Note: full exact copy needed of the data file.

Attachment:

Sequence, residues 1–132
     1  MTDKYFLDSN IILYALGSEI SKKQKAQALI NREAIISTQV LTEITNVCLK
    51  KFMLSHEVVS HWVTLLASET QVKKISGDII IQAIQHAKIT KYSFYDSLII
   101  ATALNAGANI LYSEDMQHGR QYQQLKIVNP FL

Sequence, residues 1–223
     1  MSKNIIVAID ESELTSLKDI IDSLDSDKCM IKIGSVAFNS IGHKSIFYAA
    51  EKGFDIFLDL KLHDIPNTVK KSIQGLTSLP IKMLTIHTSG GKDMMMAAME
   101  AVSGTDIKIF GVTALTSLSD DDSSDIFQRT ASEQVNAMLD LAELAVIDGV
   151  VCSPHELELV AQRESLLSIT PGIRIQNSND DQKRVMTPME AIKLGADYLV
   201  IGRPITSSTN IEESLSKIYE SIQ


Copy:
Sequence, residues 1–132
     1  MTDKYFLDSN IILYALGSEI SKKQKAQALI NREAIISTQV LTEITNVCLK
    51  KFMLSHEVVS HWVTLLASET QVKKISGDII IQAIQHAKIT KYSFYDSLII
   101  ATALNAGANI LYSEDMQHGR QYQQLKIVNP FL

Sequence, residues 1–223
     1  MSKNIIVAID ESELTSLKDI IDSLDSDKCM IKIGSVAFNS IGHKSIFYAA
    51  EKGFDIFLDL KLHDIPNTVK KSIQGLTSLP IKMLTIHTSG GKDMMMAAME
   101  AVSGTDIKIF GVTALTSLSD DDSSDIFQRT ASEQVNAMLD LAELAVIDGV
   151  VCSPHELELV AQRESLLSIT PGIRIQNSND DQKRVMTPME AIKLGADYLV
   201  IGRPITSSTN IEESLSKIYE SIQ